Beyond a few types of trees and all grasses, the remainder of plants succeeds by the evolutionary dance between plants and animals, providing flower advertisement and pollinator reward to conduct pollination. Plants advertise their presence with colorful flowers to attract pollinators and then provide the plant’s pollinator with a reward, nectar. Plants are the base of an ecological food pyramid by which all other living things are fed directly or indirectly. This pyramid may be thought of as a flow of energy. Sunlight converts basic molecules to chemical energy; this energy is transferred up the chain. Animal pollination is primarily a function of insects. There are around four million insect species known worldwide. Forty percent of the insects are herbivores. The remainder are predators on herbivorous insects or in some ways utilize the native plant as an egg-laying site, incubation chamber for developing eggs, or protection as hiding places. Scientists talk about primary and secondary metabolism of plants. Primary metabolism is universal. Plants bear chlorophyll molecules in structures called chloroplasts within each cell. It is this chemical that takes sunlight, carbon dioxide, and water to manufacture sugar and oxygen. This is the primary metabolism for all terrestrial plants. We know from the first grade that this process is called photosynthesis. It is, however, the secondary metabolites that are the economic engines allowing plants to compete. The coevolution of plants with insects takes a long, long time. This is key to appreciating coevolution and is crucial to understanding why native plants are so important. Plants and insects have been conducting the secondary metabolite dance for millions of years. Aseachnative plant is removed, many insects that depend on that plant for food or shelter are lost.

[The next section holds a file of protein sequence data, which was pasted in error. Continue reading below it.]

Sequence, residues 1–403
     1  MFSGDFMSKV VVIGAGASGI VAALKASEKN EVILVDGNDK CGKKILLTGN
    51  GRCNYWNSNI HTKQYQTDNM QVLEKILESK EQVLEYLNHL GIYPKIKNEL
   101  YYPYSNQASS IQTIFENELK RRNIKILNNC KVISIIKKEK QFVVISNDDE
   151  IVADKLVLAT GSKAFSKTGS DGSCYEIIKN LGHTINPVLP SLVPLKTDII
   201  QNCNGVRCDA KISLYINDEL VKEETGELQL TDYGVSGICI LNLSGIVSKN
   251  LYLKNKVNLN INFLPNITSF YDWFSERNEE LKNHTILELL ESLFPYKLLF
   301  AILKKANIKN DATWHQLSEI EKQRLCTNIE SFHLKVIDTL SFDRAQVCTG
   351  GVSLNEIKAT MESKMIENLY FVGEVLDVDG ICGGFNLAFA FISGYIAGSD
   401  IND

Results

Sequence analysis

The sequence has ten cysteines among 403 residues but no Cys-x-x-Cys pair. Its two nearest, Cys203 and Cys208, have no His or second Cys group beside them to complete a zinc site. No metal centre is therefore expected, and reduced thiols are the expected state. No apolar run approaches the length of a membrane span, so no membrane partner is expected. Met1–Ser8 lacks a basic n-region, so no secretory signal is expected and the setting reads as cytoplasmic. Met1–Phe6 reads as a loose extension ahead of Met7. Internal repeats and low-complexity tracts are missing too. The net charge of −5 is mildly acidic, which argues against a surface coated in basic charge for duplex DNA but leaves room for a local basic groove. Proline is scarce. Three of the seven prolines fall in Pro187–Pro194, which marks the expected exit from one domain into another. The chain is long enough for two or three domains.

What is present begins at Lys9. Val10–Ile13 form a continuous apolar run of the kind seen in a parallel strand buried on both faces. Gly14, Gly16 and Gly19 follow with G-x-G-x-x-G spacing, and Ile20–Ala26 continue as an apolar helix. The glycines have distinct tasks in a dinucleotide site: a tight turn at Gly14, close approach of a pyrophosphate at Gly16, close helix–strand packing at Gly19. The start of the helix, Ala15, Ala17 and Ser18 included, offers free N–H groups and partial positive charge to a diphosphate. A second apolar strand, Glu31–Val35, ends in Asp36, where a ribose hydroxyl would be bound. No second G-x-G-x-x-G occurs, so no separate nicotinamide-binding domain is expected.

Why the concern about native plants? “They are just weeds are they not?” Any plant that grows in the wrong place can be defined as a weed. The most beautiful rose bush that snags your leg each time you walk by because it is too close to the walkway is a weed. More importantly, native plants provide the energy starting point for that 40% of the insect world that is herbivorous. Most animals cannot digest plant material and therefore cannot transfer energy from the plant to the next level, the non-herbaceous animals. Herbivorous insects provide this step. Then insectivorous, omnivorous, and ultimately carnivorous fauna can access the energy stored by plants at the base of the pyramid. But for this to occur, the insect must know the chemistry of the plant: its secondary metabolic characteristics. The insect evolved to overcome the chemical protections that evolved within each plant. Each plant is uniquely designed to ward off most predators except the ones that have adapted. Insects are specialists. By replacing the native plant with the alien plant, the alien replaces the niche of that native. The native insect does not know the secondary metabolic characteristics of the alien and therefore does not interact with it. The loss of the native plant results in the loss of the native insect, which in chain-reaction fashion stops the energy flow up the faunal chain.